February 13th, 1998
Generating the affine transform
With a knowledge of how the background in a sequence is moving (camera motion), we can more effectively recognize an object being tracked, as well as have information as to how to recover a lost object when our other tracking methods fail or have uncertain results. This is currently done with affine block-motion estimation to cheaply sample the motion of regions of the image, and extrapolate the overall image movement from frame to frame. This block-motion sampling is done with a pixel-by-pixel comparison of binary (each pixel is either on or off) images generated from the sign of the laplacian of the gaussian smoothed image (which provides dense features for comparison.)
We begin our background estimation method with the assumption that camera motion does a good job of approximating a linear transformation in both x and y coordinates. (a linear transformation is basically some combination of stretching/scaling, rotation, and translation that applied to a point (x,y) produces a point (x',y') where that point would be under the given scaling, rotation, and translation) This assumption is motivated by the fact that most observed scene motion (camera motion) is usually some combination of a zoom, rotation and translation.
We approach the problem as a least-squares fitting problem in both x and y; by uniformly computing vectors across the image of how each pixel in the initial image corresponds to their counterpart in the final image, we can set up a simple minimization problem to determine the best fit of the points (the best fit of the points is the background motion, because we have previously made the assumption that the moving objects are smaller than the area in which they are being tracked.) This problem turns out to be quite good to implement; since in the simple case, the x and y minimizations are independent, we can compute them both at the same time when generating the vectors. Also, we don't have to store each of the hundred or so vectors while processing, because a weighted sum of their motions is sufficient for the fitting. This turns out to be reasonably efficient to compute (~ a few frames per second on a Pentium pro based PC) and keeps us within our goal of doing quasi-real-time tracking. More robust affine fitting methods exist, but most require significantly more processing power.
Generating the affine transform
So how do we generate the motion vectors?
The bulk of the affine fitting work is involved in generating the motion vectors (the difference in a pixel's location from the initial image to the final image); our approach is to reduce the images to binary form via the sign of the laplacian of the gaussian smoothed image (figure 1) and do a cheap translation only hausdorff search on small blocks (~13x13 pixels) taking the matches that have the best fraction of pixels matching.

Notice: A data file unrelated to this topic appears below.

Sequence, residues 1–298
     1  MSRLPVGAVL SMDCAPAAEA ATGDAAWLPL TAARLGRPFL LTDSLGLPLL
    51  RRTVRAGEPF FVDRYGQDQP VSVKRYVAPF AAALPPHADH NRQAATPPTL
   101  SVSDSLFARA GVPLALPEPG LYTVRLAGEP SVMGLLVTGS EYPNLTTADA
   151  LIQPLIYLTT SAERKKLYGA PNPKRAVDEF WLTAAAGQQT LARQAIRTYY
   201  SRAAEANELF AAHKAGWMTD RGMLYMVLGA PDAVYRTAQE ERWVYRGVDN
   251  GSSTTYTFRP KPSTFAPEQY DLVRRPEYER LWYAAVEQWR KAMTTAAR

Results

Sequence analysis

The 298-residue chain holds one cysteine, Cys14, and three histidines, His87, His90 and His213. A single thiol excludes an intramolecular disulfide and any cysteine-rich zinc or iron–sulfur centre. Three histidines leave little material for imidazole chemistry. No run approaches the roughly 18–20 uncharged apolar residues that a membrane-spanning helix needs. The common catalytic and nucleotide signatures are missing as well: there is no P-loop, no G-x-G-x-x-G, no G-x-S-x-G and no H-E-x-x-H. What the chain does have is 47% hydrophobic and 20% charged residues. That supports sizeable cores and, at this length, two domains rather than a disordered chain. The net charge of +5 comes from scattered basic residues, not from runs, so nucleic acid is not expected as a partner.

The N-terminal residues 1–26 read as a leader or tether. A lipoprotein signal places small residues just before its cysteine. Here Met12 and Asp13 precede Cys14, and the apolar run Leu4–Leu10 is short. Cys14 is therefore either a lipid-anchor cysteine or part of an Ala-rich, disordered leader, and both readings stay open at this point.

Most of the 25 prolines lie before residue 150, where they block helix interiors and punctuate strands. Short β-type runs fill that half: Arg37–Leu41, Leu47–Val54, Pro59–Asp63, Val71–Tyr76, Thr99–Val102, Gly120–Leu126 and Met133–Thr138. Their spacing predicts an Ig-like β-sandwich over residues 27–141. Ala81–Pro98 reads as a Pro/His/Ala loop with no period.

Figure 1: An image and its representation under the sign of the laplacian of the gaussian smoothed image
For each block, we crop a small block out of the final image and do a translation fit of it to the region it was cut in the initial image in both x and y (the search range of the translation fit is a run-time parameter based on expected maximum motion), always preferring matches of the same quality that are closer to no translation. Figure 2 provides a typical sample block, and figure 3 shows a simplified search for the best fit.
Figure 2: A sample search block sampled from the image in figure 1 (enlarged)
Figure 3: A graphical representation of the search for the best match of a block onto the initial image
After all the blocks have been matched in the initial image, some simple linear algebra can turn the motion vectors into a matrix for the linear transformation in x and y for the initial image to the final image.
This transformation gives us much information, by transforming a point near the tracked object, we know the motion of the background with respect to the moving object and can difference the object's motion to the background motion to get the object's motion with respect to the background. This knowledge has been very important in recovering an object that leaves the field of view of the camera; by continuing to estimate the background, we can predict where the object should come back into frame if it continues its course and speed. This information also aids us in the generation of new models, by knowing what is background and what isn't, we can allow the form of the model to change and expand while reducing the clutter we may gather into the model without background knowledge. With the problem of motion tracking in non-rigid scenes camera motion is necessary and a reality, so effective but cheap estimates of the background is necessary in order to effectively keep track of an object over long sequences.
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© 1998 walter bell